Dramatic works have figured prominently in Lieberson's recent creative output. Ashoka's Dream is the second in a series of operatic works, beginning with King Gesar, on the topic of enlightened rulership and the creation of enlightened society. Set to a libretto by Douglas Penick and commissioned by the Santa Fe Opera, Ashoka's Dream received its first performance in July 1997. Mark Swed, of the Los Angeles Times, wrote that Ashoka's Dream is "both splashy and stirring in its revealing of the majesty of its storytelling. The colors of the orchestra dazzle with the sonorities of great bell-like, all-encompassing chords, with rich lyrical passages and with martial orchestral conflagrations....It is music in which one feels the force of progress and senses not only its power but also the scariness of change....Ashoka's music is the most beautiful of all, and it is an inspiration to watch the complexities fall away from it as his wisdom grows." Lieberson created an orchestral work, Suite from Ashoka's Dream (2009), commissioned by the Aspen Music Festival and the Toronto Symphony. King Gesar, a work for Yo-Yo Ma, Peter Serkin, Emanuel Ax, narrator and chamber ensemble, which premiered at the 1992 Munich Biennale Festival, was recorded for Sony Classical with a documentary filmed on its creation.
Lieberson's collaborations with Peter Serkin have resulted in three piano concertos and in the piano pieces Garland, Fantasy Pieces, Bagatelles, Scherzo, and The Ocean that has no West and no East, which premiered in Tokyo in the fall of 1997. Serkin recorded several of Lieberson's piano works for his solo album "...in real time" which was released by BMG Classics in 1996. His Piano Fantasy and The Ocean that has no West and no East were also recorded by Serkin for BMG and released in 2000. Other notable works include Variations for Violin and Piano, premiered at the Spoleto Festival U.S.A. in 1995; Variations for Piano, for Emanuel Ax, first performed at Lincoln Center in 1996; and the chamber works String Quartet, Ziji, and Raising the Gaze.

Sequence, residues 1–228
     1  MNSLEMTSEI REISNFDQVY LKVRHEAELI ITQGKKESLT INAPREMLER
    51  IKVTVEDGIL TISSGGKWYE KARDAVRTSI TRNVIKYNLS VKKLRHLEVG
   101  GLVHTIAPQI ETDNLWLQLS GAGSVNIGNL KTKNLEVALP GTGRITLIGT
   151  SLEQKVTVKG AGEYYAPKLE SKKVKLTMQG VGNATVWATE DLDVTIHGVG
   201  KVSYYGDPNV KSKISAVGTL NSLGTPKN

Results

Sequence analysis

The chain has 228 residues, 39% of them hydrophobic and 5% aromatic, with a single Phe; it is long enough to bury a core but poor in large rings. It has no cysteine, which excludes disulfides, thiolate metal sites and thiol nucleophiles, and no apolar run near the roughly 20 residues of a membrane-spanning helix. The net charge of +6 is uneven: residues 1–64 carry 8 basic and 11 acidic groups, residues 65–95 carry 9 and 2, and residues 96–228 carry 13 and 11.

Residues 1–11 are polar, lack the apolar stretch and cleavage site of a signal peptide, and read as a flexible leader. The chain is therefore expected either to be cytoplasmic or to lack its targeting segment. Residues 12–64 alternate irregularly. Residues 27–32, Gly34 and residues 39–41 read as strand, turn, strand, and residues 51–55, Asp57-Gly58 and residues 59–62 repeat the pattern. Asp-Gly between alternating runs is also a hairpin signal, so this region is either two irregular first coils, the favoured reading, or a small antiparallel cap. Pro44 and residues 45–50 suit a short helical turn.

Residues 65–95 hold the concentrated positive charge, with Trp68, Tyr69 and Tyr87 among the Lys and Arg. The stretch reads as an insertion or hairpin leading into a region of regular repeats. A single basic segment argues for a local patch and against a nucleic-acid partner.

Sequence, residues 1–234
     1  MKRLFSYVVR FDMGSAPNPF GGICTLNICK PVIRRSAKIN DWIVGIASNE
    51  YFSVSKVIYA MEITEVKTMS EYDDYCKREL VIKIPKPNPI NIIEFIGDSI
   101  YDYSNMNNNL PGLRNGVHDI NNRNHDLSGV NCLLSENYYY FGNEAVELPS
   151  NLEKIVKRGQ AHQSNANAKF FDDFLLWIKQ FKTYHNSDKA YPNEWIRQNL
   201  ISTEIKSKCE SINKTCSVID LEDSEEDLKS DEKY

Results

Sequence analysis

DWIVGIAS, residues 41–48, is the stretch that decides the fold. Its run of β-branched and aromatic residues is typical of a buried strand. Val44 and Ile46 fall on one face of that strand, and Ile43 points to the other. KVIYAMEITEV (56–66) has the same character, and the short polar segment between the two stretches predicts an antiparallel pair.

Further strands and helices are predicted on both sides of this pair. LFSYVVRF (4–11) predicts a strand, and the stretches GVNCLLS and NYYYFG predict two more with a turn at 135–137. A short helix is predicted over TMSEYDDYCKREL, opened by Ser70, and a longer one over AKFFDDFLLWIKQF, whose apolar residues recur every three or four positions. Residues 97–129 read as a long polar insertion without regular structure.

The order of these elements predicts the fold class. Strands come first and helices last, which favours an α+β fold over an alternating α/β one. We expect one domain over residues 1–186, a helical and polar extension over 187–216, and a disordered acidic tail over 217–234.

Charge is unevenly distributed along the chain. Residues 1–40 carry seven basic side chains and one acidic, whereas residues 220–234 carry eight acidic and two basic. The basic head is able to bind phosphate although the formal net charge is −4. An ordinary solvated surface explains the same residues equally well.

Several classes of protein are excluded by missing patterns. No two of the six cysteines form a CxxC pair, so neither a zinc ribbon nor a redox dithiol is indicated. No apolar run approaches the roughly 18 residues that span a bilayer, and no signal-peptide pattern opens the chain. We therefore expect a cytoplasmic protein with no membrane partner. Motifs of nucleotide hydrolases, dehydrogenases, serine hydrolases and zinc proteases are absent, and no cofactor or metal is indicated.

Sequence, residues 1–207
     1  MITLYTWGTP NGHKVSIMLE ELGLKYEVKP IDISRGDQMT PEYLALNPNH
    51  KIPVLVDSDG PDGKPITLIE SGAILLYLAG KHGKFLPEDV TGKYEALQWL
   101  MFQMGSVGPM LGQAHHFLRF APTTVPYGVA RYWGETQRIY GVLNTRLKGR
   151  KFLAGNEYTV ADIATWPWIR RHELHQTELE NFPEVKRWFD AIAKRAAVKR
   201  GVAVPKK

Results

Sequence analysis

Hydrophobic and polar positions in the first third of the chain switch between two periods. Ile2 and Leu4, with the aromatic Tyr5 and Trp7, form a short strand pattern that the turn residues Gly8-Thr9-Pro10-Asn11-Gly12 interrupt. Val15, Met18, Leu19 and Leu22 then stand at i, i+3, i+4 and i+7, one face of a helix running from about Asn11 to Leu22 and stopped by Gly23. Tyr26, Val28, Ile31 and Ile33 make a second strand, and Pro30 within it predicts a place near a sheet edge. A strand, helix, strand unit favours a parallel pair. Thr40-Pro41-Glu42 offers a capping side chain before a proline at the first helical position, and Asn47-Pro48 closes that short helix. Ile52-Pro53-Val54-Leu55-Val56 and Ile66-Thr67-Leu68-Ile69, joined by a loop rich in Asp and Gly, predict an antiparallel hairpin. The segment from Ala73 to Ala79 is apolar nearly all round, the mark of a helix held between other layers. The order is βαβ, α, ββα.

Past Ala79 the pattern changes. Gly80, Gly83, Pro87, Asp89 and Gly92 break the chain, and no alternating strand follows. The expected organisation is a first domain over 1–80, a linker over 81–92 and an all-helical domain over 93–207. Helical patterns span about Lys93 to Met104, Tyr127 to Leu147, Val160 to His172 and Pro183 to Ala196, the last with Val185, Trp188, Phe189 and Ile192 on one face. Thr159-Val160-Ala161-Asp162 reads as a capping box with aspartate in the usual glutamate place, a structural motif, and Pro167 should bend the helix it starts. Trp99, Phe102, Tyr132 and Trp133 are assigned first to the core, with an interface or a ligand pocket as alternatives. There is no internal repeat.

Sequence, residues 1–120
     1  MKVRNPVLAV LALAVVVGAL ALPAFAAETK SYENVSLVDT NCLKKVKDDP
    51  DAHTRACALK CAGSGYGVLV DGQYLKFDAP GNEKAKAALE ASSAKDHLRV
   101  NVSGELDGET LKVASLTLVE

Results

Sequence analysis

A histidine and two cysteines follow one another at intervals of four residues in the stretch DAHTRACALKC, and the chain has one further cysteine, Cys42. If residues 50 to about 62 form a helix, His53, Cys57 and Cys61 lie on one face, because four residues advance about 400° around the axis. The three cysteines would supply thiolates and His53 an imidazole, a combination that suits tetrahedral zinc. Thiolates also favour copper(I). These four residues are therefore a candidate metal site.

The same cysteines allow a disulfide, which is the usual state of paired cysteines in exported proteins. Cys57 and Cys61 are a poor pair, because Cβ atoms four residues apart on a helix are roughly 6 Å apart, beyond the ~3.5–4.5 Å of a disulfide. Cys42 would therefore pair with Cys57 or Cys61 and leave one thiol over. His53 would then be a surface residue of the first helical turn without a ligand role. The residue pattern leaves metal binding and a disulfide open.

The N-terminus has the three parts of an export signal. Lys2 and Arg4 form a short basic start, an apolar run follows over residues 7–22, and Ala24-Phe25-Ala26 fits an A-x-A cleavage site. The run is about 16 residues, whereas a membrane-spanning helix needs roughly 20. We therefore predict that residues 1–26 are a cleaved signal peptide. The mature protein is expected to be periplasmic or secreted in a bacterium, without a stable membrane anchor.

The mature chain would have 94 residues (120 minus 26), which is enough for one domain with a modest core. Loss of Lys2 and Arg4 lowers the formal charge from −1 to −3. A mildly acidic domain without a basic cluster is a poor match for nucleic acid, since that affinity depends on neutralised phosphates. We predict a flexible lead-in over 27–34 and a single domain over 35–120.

A 2002 Deutsche Grammophon release includes Drala, Ziji, and Fire performed by the Cleveland Orchestra, Oliver Knussen, conducting; Raising the Gaze, Accordance, and Three Songs performed by the ASKO Ensemble; and Free and Easy Wanderer performed by the London Sinfonietta. In 2006, Bridge Records released a new recording of Lieberson's Six Realms, the Horn Concerto, and Rilke Songs; and in December of that year, Nonesuch Records released Neruda Songs, sung by Lorraine Hunt Lieberson (with the Boston Symphony Orchestra) in one of her final performances. The recordings of the Rilke Songs and Neruda Songs both won Grammy awards for Best Vocal Performance. In 2010, Bridge Records released a new disc including Red Garuda, Piano Quintet, and Rilke Songs, recorded by Lorraine Hunt Lieberson and Peter Serkin.
Peter Lieberson was born in New York City in 1946 and now lives in Santa Fe. He is the son of the late Goddard Lieberson, former president of Columbia Records, and the ballerina Vera Zorina. Lieberson's principal teachers in composition were Milton Babbitt, Charles Wuorinen, Donald Martino, and Martin Boykan. After completing musical studies at Columbia University, he left New York City in 1976 for Boulder, Colorado to continue his studies with Chogyam Trungpa, a Tibetan Vajrayana Buddhist master he met in 1974. Lieberson then moved to Boston to direct Shambhala Training, a meditation and cultural program. During this period he also attended Brandeis University and received his Ph.D. From 1984 to 1988 he taught at Harvard University, then became international director of Shambhala Training in Halifax. Since 1994 he has devoted his time exclusively to composition. Among Lieberson's many awards are those from the National Institute of Arts and Letters and a Brandeis Creative Arts Award. In 2006, he was inducted into the American Academy of Arts and Letters.
His music is published exclusively by Associated Music Publishers.